“Counter days have become less important because decision makers aren’t usually the ones showing up to these events,” Pratt concurred. “The digital domain has really taken over and reaches not only the right audience members but more of them and much more effectively.”
As for the successful practices demonstrated by the savviest distributors, Anderson pinpointed “joint sales calls, branch training (“some distributors simulcast training to all of their locations and/or record it for future viewing,” he said), new product introductions and email or text blasts conducted on a regular basis. “Conversely, distributors who rarely want to be seen, don’t make time for meaningful conversations and/or don’t take chances on new products are the ones that may struggle to hit GainShare year after year,” he said.
From Pratt’s perspective, “the distributors that engage most effectively with our company are the ones that understand every aspect of the IMARK programs, from the incentives they receive and the training programs to GainShare. On the flip side, distributor environments that are short on communication and sharing, do very little planning or where there’s a lack of overall engagement are counterproductive,” he said. “It never serves anyone well when the relationship is one-sided; partners who attack issues and opportunities together always win.”
“Distributors with a strong message of support for IMARK suppliers grow sales more successfully with our company, as do distributors who understand and value our programs and policies and want to grow together for mutual success,” said Gaudio, who added that distributors who provide open and honest feedback if the supplier misses the mark or needs to make an improvement to product portfolios, processes and prices help them to be a better strategic partner.
A Two-Way Street
“With the ongoing threat of online businesses, we’re focused on reinforcing the value that our IMARK partners, agents and regional sales managers bring to our customers,” shared NSI’s Anderson of the opportunities that strong supplier-distributor relationships can capitalize on. “Proactivity wins the day and we’re here to build relationships that provide solutions!”
“Neither of us can be successful without the other,” Pratt concluded. “Each of us must understand the value we bring to the supply chain and work jointly to create a strategy that wins in the marketplace.”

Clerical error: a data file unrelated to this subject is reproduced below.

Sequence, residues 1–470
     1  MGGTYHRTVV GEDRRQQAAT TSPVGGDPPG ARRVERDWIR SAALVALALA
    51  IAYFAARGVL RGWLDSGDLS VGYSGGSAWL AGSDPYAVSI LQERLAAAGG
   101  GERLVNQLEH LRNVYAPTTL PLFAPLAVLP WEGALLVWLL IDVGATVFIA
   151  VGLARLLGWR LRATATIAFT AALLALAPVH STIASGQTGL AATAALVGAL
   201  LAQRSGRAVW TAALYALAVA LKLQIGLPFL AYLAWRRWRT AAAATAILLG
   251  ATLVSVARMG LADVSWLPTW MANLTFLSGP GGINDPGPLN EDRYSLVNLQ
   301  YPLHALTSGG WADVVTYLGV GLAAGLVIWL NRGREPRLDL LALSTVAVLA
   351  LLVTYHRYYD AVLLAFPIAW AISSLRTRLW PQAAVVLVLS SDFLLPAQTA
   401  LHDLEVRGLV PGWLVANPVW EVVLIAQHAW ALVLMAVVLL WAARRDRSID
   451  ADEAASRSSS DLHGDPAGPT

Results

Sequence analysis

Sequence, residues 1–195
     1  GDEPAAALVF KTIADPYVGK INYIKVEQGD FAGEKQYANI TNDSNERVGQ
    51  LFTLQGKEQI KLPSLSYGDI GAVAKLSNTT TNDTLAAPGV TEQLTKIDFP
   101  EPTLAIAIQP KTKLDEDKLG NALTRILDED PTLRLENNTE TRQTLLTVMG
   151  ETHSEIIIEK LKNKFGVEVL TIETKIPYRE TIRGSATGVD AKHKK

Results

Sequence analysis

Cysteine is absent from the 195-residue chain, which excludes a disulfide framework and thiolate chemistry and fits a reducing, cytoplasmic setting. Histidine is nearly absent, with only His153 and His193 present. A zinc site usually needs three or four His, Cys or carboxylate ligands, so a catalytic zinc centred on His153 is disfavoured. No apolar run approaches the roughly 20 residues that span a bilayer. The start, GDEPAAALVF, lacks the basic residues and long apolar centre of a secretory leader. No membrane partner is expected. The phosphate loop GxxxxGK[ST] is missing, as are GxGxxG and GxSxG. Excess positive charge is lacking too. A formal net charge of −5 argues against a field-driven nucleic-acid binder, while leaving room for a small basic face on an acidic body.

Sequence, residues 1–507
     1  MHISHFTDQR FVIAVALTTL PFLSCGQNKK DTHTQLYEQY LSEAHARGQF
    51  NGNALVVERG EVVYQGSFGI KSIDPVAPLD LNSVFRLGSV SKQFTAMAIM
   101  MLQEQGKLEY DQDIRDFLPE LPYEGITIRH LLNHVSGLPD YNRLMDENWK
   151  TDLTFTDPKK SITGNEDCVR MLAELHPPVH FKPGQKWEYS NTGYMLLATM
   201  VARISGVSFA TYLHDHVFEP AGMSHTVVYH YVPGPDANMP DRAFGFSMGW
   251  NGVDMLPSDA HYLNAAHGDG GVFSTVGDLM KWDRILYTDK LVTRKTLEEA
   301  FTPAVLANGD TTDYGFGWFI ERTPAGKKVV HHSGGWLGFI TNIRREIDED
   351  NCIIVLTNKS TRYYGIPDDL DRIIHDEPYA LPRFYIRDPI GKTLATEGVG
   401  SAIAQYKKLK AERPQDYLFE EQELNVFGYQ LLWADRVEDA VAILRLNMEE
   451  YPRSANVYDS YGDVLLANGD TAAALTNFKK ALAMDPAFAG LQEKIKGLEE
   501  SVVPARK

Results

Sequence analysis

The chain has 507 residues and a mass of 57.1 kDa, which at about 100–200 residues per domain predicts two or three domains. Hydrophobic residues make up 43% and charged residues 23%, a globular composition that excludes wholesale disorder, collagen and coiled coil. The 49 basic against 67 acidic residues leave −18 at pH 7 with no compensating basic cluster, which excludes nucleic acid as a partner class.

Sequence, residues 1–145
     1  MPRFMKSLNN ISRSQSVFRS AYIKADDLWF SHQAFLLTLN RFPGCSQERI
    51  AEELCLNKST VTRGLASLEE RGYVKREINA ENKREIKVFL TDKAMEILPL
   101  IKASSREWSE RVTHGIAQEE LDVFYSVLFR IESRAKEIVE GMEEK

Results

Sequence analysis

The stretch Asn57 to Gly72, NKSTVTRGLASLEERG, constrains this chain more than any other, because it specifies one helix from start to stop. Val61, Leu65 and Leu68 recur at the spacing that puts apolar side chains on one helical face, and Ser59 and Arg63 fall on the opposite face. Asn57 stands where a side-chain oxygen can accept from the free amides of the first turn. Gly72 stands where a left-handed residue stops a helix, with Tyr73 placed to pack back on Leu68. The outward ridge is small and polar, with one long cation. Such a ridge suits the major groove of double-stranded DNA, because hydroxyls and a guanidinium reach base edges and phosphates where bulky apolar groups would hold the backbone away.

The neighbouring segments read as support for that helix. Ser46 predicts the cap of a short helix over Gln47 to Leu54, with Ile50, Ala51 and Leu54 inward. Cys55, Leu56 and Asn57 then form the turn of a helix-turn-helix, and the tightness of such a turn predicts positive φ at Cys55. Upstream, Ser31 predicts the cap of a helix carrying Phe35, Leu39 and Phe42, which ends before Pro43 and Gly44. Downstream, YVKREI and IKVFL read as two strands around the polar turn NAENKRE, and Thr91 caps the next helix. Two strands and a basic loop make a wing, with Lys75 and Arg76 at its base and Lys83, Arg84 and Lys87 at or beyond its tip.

Following, our experts offer key “dos and don'ts” designed to help IMARK distributors work most effectively with their supplier partners to grow sales for both parties.
- Invest in Stock: “The best way for IMARK members to grow their Arlington sales is to have our products available locally,” Arlington’s Nick Montalbano said. “Many distributors won’t bring in stock on new products until customers ask for it, but if you have it and promote that you have it, it will sell. The most successful Arlington distributors are pioneers that take a chance on new products.”
- Take Time to Train: “Make sure the distributor’s staff is trained on new products and that they know what the supplier has to offer from a technology/marketing perspective,” NSI’s Todd Anderson advised. “Don’t bring in new products and put them on the shelf without a plan for success.”
- Build Relationships: “First and foremost, distributors should develop a relationship with their manufacturer teams from top to bottom; there’s no situation or crisis I’ve run into that a healthy relationship and partnership couldn’t overcome,” Legrand’s Tim Pratt confirmed.
- Inquire: “Ask questions about what makes one supplier’s programs and product offerings different from another’s, especially when it comes to IMARK suppliers versus non IMARK suppliers; if you’re not doing that, you’re most likely leaving profit on the table,” said RAB’s Frank Gaudio. “Don’t assume that all manufacturers operate the same way. Compare your needs and evaluate the total cost of doing business by asking yourself which supplier gives you the best overall ROI.”
- Engage with IMARK: “Familiarize yourself with all of the IMARK programs at your disposal, ensure that you maximize all of those tools/benefits and rely on other IMARK members,” Pratt recommended. “IMARK has an amazing variety of members with a tremendous amount of experience and know-how.” RAB’s Gaudio agreed, noting that IMARK members should sign up for a GainShare program and the Gateway to Growth product offering. “Ask your supplier reps to keep you updated on your progress quarterly and then monthly in Q4, which helps everyone drive to their goals,” Gaudio said.